Chairwoman Borislow provided a brief update.  Since her appointment last month, and over the last four weeks, she has met with most board members individually.  She thanked each member for the time and for the opportunity to ask a few questions and get to know them a little better.  Their insights, she noted, are invaluable to where the board and school is headed, and the board is fortunate to have so many talented members.  Ms. Borislow noted that her hope is to seek and create more engagement for all members of the board.   Moving forward, board meetings will be scheduled from 5 to 6:30PM, although she did anticipate most of them only lasting about an hour, and the plan is to develop more opportunities for committees/committee work.  Lastly, Chairwoman Borislow said she is looking forward to the January Board Retreat where the board can highlight opportunities that will continue to move the school forward.  She also noted that she was hopeful that the retreat can be conducted in-person, but it would depend on the most recent local, state, and federal/CDC guidelines.  Again, she thanked the board for their support, and noted that she feels a deep and wonderful pride for NECC’s leadership, faculty, staff, and students.

Report of Board Committees

    1. Audit & Finance Committee

      Sub-Committee Chair, Marianne Paley Nadel reported that the sub-committee met.  Typically, this is the meeting that the committee would generally review and bring forward a supplemental budget to the full board for consideration.  However, since the state is delayed in the budget process due to Covid-19, the FY21 supplemental budget is not yet finalized.  The college leadership will meet with the Sub-Committee when the process is finalized.  Ms. Paley Nadel did report, however, that enrollment for the Fall semester was better than expected, and the additional support from the CARE Act funds helped the approach to the budgetary challenge which has been overall very positive.

      President Glenn then asked Dr. Jennifer Mezquita, Assistant Vice President of Student Affairs to provide a detailed report on the Fall enrollment.  As a preface to her report, Dr. Glenn reminded the board that enrollment is one of two primary drivers at public community colleges, with the budget appropriation being the second.  Of the 28 public colleges and universities in the Commonwealth, and of the 15 community colleges, NECC’s decline in enrollment was less than most at -4% in Headcount noting that the average was around 15% (or more).  A variety of factors fed into the decline, but NECC’s coordinated outreach and communication helped to keep the enrollment drop to a minimum.  The more important figure in terms of budget is FTE.  He thanked the college’s leadership team and the Trustees for their continued support as staff navigate the many factors that have gone into moving toward remote learning.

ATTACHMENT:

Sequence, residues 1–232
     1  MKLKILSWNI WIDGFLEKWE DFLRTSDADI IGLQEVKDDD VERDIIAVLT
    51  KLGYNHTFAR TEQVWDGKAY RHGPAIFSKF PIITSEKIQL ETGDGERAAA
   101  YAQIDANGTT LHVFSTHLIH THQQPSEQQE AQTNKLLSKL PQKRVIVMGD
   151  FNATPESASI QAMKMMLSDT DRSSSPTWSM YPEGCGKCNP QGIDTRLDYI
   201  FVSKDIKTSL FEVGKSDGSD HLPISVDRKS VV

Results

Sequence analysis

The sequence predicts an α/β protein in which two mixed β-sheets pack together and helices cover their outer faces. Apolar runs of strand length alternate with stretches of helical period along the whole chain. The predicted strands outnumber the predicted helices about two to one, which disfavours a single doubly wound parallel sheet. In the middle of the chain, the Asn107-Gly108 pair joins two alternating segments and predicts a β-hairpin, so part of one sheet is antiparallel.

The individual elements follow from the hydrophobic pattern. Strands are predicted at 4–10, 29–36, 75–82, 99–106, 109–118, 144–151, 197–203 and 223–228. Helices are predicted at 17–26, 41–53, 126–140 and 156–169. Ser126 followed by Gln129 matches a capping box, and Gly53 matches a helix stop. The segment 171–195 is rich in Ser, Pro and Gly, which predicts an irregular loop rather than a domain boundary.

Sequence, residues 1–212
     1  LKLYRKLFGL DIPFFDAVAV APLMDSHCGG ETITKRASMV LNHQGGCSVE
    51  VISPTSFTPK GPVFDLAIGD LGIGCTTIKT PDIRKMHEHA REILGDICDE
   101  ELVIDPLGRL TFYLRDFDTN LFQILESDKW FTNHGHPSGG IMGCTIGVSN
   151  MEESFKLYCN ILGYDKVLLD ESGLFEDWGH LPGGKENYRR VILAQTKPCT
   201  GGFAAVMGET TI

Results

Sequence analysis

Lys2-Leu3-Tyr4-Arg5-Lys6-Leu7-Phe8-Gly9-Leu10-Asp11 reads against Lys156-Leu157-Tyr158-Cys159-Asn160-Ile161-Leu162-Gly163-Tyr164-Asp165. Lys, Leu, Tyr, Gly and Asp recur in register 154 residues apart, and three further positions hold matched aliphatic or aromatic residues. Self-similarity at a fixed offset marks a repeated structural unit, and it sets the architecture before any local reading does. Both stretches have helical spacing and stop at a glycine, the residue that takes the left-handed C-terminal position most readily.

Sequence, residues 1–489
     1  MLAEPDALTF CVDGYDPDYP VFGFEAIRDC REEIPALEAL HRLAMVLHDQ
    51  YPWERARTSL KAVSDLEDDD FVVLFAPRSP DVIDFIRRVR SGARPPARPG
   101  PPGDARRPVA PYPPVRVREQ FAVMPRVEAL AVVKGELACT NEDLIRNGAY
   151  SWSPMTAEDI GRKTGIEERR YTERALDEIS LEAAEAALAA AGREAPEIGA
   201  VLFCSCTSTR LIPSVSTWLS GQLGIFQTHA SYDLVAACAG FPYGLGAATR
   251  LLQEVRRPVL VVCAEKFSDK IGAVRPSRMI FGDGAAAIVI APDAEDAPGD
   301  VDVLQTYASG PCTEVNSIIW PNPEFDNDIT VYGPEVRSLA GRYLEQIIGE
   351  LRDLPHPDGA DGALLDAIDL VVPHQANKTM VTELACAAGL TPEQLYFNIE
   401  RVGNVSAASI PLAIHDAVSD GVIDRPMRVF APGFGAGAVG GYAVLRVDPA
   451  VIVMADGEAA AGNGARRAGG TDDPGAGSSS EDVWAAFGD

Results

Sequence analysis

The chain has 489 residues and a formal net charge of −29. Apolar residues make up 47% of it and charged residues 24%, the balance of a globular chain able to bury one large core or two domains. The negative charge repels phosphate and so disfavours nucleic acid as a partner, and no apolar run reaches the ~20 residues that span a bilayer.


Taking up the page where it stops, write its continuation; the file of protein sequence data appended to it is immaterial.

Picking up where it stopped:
Dr. Mezquita then provided a brief overview of enrollments by type as of the college’s freeze date.   Some highlights included: 

      1)    While Fall enrollments have declined over the last three years, we continue to fare better than our counterparts with a 4% decline.

      2)    The college’s Continuing student population dropped quite a bit from 2018 to 2019 (-10%), however, the rate of decline from 2019 to 2020 was -4%.  This ease in the decrease can be attributed to the student services efforts and how the college communicated with students during the last few months. Dr. Mezquita noted that the work has really paid off and resulted in retaining students.

      3)    New students (never been to college before) also showed a decline in 2020 (-4%) after demonstrating an increase back in 2019.

      4)    Stop-In students (those who decided to reengage with NECC after being away for one semester) also declined this fall from last year.

      5)    Transfer students demonstrated the most change with a 33% decline from a year ago.  The dynamic for this student population is that they tended to stick with what they were familiar with, so the college had fewer students transfer to us from other institutions. 

      6)    High School/Early College students also “stuck with what they knew” and continued to enroll in college classes at a greater rate from years past.  This pool of students increased by more than 40% from a year ago.

Trustee Forman asked what the enrollment difference was between spring of 2020 and fall 2020.  President Glenn noted that numbers for spring to fall are available and that Dr. Mezquita would bring that information forward at another meeting.  Typically, colleges have larger enrollments in the fall semester and that is the barometer for budget setting.  Dr. Glenn did note that one of the challenges nationwide right now is that the students who are most vulnerable are the ones who are the most impacted during the pandemic.  Back in the spring, NECC took immediate steps to help those students as much as possible and to try to keep them enrolled.  For example, staff recognized that financial aid applications (FASFA forms) were down considerably (14%) and outreach to those populations was necessary.  “We are really worried about who we are missing right now.  And the workforce will be in a lot of pain in few years from now if we don’t get students back on campus” noted President Glenn.  He also noted that there will be some very intentional outreach over the next year to get students enrolled, and he will be looking for Trustees to help with that outreach.